Until a number of years ago, Al Rizzo was known in the Tri-Cities as "the man" one talked to about the food bank.
Well, "listened to" might be a better way to put it.
With a gravelly voice and a world of self-assurance, he kept the food banks going.
He tolerated a bit of advice from United Way of Benton and Franklin Counties, a principal financial backer of the food banks, but not a lot.
And in truth, his methods hardly could be improved on. Nobody got paid, including him. Everybody worked, including him.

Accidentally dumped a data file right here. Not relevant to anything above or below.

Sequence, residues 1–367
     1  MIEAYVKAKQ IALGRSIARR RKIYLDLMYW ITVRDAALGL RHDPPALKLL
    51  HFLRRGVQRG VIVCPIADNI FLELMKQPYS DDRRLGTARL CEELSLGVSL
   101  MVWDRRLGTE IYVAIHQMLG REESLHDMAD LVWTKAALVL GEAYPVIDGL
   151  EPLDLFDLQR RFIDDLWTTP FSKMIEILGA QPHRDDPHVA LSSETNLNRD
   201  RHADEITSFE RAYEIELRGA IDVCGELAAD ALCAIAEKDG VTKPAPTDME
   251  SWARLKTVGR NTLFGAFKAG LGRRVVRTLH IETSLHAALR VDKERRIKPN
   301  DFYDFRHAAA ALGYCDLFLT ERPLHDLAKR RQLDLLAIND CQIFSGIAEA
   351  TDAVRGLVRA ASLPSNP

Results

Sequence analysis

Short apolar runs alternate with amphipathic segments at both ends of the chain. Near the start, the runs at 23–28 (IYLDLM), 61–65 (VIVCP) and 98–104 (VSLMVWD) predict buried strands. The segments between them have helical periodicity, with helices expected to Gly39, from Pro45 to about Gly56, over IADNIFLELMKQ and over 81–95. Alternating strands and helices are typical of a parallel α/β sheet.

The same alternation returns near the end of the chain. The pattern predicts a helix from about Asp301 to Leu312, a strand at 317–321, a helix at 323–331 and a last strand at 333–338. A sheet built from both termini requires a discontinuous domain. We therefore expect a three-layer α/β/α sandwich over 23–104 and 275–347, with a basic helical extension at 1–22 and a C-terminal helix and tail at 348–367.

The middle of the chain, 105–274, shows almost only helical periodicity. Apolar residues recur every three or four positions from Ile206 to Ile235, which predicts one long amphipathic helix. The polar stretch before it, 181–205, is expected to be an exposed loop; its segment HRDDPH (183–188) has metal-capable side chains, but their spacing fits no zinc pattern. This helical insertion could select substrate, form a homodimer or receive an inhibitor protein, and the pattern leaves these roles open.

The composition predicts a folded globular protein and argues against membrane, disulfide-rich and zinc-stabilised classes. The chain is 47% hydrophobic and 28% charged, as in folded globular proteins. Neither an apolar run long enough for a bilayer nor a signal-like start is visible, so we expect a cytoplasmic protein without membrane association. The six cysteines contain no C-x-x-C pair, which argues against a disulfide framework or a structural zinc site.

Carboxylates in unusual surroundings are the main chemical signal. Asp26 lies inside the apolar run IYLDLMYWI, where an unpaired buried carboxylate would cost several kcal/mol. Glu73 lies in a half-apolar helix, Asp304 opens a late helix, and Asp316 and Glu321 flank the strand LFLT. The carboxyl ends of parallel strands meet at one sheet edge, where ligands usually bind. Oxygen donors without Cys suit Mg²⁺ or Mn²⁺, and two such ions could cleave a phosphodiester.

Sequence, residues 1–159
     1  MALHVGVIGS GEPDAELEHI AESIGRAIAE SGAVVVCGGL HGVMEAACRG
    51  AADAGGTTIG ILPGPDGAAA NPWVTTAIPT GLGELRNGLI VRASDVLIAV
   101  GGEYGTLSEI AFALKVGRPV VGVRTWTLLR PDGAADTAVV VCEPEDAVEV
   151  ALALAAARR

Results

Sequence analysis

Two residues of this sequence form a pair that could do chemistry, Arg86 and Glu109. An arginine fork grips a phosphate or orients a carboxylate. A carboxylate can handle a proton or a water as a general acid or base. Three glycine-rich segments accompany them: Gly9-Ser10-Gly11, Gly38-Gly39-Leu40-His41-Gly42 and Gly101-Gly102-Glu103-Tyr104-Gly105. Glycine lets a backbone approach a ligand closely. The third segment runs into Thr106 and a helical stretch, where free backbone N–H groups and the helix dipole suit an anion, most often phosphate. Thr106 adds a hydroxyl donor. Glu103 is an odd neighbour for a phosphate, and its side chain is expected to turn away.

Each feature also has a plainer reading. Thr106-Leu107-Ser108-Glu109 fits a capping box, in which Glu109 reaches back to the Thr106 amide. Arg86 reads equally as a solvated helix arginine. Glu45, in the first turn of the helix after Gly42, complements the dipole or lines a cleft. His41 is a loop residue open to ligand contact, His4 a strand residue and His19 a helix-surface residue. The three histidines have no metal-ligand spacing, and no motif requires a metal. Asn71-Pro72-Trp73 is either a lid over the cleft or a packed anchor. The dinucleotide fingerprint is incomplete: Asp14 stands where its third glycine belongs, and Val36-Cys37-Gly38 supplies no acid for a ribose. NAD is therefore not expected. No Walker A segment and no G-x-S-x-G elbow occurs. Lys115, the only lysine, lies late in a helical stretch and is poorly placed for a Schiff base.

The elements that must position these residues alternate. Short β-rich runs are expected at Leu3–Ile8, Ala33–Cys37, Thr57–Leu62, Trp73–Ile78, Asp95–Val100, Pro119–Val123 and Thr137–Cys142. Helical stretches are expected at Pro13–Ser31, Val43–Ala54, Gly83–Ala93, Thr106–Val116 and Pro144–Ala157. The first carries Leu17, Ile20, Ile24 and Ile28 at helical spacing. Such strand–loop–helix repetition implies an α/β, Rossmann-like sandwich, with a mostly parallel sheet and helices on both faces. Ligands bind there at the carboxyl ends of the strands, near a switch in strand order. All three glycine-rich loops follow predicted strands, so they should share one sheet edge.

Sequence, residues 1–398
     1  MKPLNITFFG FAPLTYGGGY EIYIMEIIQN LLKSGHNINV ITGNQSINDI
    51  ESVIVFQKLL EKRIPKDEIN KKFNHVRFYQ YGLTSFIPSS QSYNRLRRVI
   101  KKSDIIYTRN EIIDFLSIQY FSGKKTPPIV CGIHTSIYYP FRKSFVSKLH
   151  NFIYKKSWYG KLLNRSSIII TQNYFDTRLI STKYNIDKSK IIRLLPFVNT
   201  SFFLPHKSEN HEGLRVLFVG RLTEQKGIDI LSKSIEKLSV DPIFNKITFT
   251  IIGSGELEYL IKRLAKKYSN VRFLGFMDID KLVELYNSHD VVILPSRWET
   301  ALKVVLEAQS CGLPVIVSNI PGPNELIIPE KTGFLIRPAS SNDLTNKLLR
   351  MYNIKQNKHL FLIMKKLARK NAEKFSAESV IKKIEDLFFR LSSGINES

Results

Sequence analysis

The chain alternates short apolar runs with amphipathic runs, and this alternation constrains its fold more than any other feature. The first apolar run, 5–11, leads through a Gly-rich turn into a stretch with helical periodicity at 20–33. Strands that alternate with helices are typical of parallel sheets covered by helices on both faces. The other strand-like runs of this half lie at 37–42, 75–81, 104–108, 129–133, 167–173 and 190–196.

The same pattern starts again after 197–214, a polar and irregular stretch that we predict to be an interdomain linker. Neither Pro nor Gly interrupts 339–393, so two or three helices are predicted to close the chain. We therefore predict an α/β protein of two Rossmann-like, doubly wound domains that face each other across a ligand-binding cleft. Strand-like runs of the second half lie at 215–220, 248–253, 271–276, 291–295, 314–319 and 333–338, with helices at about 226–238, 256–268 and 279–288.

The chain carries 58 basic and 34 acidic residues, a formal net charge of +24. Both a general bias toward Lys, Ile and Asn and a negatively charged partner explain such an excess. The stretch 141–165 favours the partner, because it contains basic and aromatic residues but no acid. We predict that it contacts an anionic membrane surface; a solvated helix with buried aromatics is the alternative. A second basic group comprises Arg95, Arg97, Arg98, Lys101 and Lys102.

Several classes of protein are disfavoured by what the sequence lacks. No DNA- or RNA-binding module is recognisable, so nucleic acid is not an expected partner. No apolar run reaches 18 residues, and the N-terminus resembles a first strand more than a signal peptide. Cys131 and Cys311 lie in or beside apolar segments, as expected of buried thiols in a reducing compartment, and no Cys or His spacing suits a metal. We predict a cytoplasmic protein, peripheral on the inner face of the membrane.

He would hoist a 50-pound bag of beans as quickly as he would spend a busy half hour hustling up more food from generous grocers, farmers and individuals.
Because he always was busy, he had neither time nor patience for idle chatter or the occasional critic who thought hungry people ought to be made to work for their food.
He was a veteran, a former Hanford executive and was involved in many volunteer organizations where his leadership will be remembered for years to come.
But we mostly will remember him for his selfless giving of his time, his energy and, most of all, himself, to people who needed a little something to eat.
A Mass will be celebrated for Rizzo, who died at the age of 81, at 11 a.m. today at Christ the King Catholic Church in Richland.
Graveside service will follow at Einan's Funeral Home.